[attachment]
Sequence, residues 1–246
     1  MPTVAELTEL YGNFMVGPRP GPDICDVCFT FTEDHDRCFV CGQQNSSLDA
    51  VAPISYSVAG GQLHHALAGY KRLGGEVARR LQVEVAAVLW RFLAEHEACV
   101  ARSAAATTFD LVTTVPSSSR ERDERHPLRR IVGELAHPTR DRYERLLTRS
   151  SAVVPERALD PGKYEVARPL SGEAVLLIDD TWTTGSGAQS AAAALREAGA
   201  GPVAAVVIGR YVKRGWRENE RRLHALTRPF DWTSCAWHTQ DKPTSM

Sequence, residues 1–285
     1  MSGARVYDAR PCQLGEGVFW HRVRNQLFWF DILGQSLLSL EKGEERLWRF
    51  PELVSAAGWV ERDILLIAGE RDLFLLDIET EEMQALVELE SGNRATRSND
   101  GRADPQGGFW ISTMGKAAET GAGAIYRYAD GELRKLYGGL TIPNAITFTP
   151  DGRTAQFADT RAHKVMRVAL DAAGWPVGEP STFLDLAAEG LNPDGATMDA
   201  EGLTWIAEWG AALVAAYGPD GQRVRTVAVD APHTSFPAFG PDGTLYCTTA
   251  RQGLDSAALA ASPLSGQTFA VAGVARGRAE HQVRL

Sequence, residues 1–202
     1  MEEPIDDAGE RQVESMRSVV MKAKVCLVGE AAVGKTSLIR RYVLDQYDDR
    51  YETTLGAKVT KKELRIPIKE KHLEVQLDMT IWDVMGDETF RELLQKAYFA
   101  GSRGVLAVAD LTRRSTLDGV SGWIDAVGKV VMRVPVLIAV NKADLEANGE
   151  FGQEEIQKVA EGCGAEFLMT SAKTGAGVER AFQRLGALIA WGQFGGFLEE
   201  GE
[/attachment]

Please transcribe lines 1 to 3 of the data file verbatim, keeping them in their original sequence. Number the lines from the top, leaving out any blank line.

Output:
Sequence, residues 1–246
     1  MPTVAELTEL YGNFMVGPRP GPDICDVCFT FTEDHDRCFV CGQQNSSLDA
    51  VAPISYSVAG GQLHHALAGY KRLGGEVARR LQVEVAAVLW RFLAEHEACV